Jennifer Bonnet, Margaret Killinger, Jennifer McNulty, Kathryn Robinson
Childhood obesity is a serious public health issue in the United States. Many children fail to meet the recommended daily physical activity of 60 minutes. Poor metabolic health at a young age puts children and adolescents at a significantly higher risk of developing chronic health issues in adulthood. With the potential to further exacerbate the obesity epidemic, the onset of the Covid-19 pandemic challenged students’ abilities to participate in structured physical activity, such as recess and physical education, due to school closures, strict social distancing guidelines, and hybrid or remote models of learning. This lack of structure and opportunities for physical activity warrants further investigation into how the Covid-19 pandemic has impacted physical activity opportunities for school-aged children in the United States. The purpose of this qualitative secondary analysis was to determine how the pandemic shaped physical activity implementation strategies. The sample included 360 schools who participated in the Let’s Go! Program, a nationally recognized obesity prevention program serving Maine and Mount Washington Valley, New Hampshire. Results indicate that staff demonstrated their commitment to students’ welfare and education during the 2020-2021 school year by not only attempting to maintain normalcy under strict Covid-19 guidelines, but also creating innovative opportunities for students to participate in physical activity and demonstrating optimism in the face of adversity.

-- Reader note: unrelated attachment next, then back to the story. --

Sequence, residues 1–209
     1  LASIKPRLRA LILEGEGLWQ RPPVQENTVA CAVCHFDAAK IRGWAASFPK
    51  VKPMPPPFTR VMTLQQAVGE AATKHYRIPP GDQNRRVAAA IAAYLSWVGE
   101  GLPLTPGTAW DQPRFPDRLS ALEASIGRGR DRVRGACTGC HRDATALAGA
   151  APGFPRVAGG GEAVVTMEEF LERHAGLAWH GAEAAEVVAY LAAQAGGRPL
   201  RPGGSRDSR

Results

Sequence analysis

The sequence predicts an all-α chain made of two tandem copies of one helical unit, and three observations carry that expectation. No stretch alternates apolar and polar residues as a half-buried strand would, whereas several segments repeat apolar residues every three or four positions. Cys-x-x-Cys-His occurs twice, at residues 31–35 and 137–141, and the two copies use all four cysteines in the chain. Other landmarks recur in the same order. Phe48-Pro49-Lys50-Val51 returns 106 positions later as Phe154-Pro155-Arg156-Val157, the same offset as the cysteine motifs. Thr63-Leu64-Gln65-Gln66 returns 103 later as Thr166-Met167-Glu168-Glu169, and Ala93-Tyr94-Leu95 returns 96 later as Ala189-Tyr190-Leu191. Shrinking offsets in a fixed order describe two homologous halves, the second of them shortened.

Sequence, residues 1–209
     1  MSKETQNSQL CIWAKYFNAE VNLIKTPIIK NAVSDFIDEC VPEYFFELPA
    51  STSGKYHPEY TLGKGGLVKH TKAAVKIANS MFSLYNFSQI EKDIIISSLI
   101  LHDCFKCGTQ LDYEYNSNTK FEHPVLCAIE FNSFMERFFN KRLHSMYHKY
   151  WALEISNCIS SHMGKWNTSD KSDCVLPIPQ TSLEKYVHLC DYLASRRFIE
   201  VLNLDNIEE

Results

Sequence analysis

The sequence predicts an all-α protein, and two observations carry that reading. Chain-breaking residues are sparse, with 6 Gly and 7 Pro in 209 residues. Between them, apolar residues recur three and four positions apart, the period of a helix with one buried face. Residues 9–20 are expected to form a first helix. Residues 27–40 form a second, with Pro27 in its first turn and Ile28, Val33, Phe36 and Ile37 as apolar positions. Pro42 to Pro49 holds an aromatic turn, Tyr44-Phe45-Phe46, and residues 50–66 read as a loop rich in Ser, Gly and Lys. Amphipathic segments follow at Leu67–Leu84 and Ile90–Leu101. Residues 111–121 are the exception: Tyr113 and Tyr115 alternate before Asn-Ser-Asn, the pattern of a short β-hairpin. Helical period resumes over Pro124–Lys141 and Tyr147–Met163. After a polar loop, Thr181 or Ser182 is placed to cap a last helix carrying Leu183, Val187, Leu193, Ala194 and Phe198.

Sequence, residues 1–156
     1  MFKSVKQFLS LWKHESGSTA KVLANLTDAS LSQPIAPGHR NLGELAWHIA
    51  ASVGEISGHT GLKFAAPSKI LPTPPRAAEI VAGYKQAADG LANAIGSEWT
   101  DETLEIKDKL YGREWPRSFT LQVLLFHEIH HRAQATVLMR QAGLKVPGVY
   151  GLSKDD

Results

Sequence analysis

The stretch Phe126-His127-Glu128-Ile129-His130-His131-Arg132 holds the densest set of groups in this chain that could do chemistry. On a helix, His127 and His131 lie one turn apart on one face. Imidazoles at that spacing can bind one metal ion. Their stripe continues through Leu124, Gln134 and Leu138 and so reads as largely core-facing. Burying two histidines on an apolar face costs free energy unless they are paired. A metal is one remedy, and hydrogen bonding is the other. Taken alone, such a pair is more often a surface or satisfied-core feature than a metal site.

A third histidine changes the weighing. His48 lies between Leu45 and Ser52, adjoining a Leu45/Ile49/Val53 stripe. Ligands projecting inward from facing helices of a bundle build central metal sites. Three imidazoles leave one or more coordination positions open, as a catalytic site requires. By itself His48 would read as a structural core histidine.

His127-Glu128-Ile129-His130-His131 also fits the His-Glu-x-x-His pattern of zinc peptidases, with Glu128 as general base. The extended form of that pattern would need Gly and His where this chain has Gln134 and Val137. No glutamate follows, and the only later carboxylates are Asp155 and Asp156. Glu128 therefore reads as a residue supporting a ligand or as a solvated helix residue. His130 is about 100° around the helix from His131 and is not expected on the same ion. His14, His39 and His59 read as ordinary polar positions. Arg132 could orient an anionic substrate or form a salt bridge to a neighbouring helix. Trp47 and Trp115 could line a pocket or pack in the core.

Peary, Alexandra, "How Physical Activity Implementation Strategies Changed During the COVID-19 Pandemic in Schools Enrolled in the Let’s Go! Program" (2021). Honors College. 713.